They say life is dramatically better as an Attending physician, we'll see about that.
    As I look into the future, all I think about these days is October 31, 2015.




    Saturday, June 13, 2015

    found this gem


    “Love knows not its own depth until the hour of separation.”
    "One day you will ask me which is more important? My life or yours? I will say mine...and you will walk away not knowing that you are my life.” 
    "And what is it to work with love? It is to weave the cloth with threads drawn from your heart, even as if your beloved were to wear that cloth."
    "Out of suffering have emerged the strongest souls; the most massive characters are seared with scars.”

    -Kahlil Gibram

    Tuesday, June 9, 2015

    on trail running

    Figuratively speaking, all of us have had mountains to climb. I've been running up them summits many times ever since that certain solid fragrance left to Santa Monica and beyond...I'd like to think I'm done climbing those kind of mountains but I find some degree of comfort in knowing that some mountains are meant to be climbed.  As you ascend and descend each peak you come to the stark realization that mountains are so unforgiving. You also realize that trail running is lonely. I'm a sucker for punishment, idk. The devil on my shoulder says, "the perfect place to fight your demons is running up a mountain." You'd think that when you're alone, the monsters in your head would come to say "hello," but this is not true... in most instances you're a victim of your own mind. There's never a dull moment up there; there are no distractions, rattlesnakes will keep you vigilant. It's true what they say-- the best views come after the hardest climbs.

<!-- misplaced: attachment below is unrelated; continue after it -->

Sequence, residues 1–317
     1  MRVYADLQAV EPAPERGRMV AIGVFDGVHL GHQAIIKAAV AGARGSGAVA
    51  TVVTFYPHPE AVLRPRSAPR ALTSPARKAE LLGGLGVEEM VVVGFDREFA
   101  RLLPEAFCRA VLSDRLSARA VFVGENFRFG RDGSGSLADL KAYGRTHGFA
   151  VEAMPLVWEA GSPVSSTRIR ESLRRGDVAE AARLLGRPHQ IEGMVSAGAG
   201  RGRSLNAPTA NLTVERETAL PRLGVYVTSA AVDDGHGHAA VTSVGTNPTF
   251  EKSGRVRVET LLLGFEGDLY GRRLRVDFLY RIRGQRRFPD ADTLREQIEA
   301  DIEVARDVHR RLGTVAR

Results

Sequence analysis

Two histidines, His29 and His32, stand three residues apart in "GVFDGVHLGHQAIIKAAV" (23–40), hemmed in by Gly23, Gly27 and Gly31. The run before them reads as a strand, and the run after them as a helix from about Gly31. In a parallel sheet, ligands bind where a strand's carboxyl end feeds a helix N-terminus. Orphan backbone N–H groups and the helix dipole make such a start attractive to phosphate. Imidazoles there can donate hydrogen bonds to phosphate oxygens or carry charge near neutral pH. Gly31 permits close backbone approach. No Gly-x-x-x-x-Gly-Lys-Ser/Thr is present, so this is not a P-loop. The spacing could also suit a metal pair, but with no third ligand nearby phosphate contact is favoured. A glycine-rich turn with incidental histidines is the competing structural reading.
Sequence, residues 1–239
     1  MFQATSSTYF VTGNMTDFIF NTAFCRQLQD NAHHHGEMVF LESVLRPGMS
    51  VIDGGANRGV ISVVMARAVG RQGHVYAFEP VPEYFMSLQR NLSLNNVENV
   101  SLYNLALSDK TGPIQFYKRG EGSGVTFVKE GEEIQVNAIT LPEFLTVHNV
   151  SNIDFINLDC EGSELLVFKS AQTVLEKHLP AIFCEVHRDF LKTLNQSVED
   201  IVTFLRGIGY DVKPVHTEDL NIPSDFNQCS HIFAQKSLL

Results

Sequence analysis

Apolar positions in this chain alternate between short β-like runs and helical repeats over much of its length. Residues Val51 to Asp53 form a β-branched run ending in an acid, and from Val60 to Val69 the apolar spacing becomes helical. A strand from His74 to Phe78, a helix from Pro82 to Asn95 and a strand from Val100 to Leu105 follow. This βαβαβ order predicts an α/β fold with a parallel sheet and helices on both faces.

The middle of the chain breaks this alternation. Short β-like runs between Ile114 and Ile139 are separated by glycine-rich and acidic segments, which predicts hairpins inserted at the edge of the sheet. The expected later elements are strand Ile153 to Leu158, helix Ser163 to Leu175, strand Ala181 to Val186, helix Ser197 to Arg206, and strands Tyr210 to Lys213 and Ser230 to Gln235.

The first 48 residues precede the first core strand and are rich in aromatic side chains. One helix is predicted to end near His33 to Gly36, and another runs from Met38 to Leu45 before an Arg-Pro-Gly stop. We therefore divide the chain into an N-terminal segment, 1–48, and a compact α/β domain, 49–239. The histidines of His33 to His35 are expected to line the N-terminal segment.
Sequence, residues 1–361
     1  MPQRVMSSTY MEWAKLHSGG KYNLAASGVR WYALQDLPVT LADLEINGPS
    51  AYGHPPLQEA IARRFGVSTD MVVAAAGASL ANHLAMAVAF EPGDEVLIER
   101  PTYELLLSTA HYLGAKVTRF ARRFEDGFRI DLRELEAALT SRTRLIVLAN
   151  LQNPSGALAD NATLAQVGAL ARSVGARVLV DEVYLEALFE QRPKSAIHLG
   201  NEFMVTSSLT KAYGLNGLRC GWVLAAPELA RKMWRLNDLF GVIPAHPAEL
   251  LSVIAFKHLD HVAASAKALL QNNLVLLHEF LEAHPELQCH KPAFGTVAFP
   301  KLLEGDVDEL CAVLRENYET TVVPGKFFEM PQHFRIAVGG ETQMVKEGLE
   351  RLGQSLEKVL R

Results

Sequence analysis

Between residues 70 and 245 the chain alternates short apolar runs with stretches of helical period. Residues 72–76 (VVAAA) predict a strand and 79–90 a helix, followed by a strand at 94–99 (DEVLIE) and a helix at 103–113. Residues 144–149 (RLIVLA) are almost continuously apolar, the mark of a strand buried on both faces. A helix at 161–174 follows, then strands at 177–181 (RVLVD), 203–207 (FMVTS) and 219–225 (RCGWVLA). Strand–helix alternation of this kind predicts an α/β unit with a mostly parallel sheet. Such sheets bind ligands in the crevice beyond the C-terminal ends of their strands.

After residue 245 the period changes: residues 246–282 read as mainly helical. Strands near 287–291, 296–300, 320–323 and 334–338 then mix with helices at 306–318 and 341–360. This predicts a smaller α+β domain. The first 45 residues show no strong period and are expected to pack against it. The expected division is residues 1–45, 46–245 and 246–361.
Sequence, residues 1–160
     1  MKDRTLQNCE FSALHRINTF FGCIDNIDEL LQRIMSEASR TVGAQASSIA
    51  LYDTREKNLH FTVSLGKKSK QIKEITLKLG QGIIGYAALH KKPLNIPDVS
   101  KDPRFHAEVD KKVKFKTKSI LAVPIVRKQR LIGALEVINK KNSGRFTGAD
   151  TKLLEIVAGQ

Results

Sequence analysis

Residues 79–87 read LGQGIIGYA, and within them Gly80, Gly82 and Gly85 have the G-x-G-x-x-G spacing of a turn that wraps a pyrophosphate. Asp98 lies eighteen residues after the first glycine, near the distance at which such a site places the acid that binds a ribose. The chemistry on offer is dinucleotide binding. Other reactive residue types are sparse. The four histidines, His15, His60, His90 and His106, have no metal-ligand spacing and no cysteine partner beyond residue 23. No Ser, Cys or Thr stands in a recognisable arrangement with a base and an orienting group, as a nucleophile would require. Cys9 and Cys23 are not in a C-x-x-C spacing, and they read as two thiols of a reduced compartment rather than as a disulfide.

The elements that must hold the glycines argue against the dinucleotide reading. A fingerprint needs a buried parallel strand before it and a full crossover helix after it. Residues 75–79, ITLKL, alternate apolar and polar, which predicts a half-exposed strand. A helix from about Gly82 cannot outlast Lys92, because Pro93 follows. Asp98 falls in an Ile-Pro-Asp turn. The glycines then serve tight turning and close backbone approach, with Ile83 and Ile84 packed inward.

Without realizing it, I've been training for my next marathon.
    What fuels the fire inside us?

    Sunday, May 31, 2015

    subconjunctival hemorrhages